Tuesday, January 26, 2016

You do TOO have a great memory

Researchers at the Salk Institute in La Jolla, CA, have taken a hard look at neural connections in the brain and concluded that each of us has the memory capacity of the entire World Wide Web (a petabyte).

They described the revelation as "a real bombshell."

Stay with me here. Memories and thoughts come from electrical and chemical activity in the brain. Branches of cells called neurons interact at certain junctions called synapses. An output wire called an axon from one neuron connects to the input wire called a dendrite of another neuron. Each neuron can have thousands of these connections at once.

In building a model of this, the Salk people found that a single axon formed two synapses sometimes, reaching out to a single dendrite. This seemed to mean it was sending a duplicate message.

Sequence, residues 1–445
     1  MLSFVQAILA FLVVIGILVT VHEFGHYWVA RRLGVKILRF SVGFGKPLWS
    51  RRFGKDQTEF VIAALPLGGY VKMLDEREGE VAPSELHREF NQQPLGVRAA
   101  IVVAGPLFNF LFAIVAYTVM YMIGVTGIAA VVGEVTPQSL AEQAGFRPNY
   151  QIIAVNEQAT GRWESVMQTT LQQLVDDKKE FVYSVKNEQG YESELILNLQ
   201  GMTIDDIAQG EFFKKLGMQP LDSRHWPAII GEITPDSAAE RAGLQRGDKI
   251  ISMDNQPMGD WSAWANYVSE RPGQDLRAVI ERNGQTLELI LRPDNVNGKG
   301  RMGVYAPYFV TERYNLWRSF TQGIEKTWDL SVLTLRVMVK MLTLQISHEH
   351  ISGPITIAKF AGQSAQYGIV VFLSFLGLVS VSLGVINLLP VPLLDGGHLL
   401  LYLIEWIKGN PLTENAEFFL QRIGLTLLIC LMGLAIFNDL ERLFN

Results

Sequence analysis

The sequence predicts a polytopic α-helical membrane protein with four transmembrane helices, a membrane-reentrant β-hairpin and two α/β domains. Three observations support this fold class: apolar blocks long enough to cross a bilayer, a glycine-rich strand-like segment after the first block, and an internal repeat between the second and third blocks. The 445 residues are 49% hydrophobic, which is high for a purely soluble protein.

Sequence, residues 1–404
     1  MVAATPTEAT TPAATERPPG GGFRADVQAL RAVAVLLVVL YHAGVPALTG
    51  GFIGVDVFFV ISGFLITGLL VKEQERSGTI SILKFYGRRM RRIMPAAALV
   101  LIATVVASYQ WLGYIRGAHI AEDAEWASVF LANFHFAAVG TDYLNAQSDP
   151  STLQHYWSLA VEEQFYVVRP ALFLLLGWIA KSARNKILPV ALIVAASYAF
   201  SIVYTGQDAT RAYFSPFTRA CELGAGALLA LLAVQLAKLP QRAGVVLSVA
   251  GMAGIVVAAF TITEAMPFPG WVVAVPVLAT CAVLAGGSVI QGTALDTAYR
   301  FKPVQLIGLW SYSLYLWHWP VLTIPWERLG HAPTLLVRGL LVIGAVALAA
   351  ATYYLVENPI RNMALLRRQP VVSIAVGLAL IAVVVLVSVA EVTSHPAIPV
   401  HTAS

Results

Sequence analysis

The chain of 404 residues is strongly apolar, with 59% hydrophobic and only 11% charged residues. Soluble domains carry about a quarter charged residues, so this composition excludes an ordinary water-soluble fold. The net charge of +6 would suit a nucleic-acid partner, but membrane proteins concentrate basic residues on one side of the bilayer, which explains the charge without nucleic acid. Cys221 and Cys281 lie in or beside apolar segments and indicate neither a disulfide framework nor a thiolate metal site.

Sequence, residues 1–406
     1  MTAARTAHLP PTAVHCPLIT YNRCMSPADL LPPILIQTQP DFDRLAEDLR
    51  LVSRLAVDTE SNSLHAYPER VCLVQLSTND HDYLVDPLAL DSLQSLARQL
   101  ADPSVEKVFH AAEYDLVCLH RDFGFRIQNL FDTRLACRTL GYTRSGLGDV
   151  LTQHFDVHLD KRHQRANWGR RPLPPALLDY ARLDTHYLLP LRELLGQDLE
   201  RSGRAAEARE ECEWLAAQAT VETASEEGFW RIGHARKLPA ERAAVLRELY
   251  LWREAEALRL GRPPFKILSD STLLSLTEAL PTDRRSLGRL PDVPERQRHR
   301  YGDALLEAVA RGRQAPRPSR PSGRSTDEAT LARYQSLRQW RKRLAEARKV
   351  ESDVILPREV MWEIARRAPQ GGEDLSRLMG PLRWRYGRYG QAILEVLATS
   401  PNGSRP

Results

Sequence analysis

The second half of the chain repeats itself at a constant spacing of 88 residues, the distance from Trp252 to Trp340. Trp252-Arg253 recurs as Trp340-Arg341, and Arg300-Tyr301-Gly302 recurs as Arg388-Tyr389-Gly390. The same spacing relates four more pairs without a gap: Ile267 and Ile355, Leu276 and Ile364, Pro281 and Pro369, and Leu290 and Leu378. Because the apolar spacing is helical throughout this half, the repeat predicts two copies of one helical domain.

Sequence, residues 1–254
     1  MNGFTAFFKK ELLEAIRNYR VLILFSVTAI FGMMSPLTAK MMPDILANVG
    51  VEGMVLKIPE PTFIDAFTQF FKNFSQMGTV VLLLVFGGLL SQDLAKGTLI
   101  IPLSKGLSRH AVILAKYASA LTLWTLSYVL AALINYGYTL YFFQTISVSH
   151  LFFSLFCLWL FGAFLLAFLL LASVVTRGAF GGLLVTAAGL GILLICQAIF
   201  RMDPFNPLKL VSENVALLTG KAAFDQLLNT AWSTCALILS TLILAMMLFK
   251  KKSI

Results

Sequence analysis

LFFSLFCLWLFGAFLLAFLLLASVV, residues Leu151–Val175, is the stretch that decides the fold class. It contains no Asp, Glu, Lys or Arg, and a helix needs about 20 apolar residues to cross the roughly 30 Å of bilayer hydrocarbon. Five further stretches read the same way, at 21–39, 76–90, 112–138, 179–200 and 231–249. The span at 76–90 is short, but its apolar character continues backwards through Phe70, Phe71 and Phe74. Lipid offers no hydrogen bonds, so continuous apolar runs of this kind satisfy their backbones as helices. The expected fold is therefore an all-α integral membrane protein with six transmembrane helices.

In measuring the two synapses from one axon, they found them to be slightly different, with some 8% larger.

This turned out to mean that there were many more sizes of synapses than always thought. They synapses also changed size depending on the info being transmitted.

And THIS resulted in orders of magnitude more memory capacity or thought capacity.

Neat?

You know what I always want to know--How does some goo in your head somehow retain a visual picture or complete memory of something from decades before?

I like the term miracle--but I guess the Salk people would prefer "good engineering."

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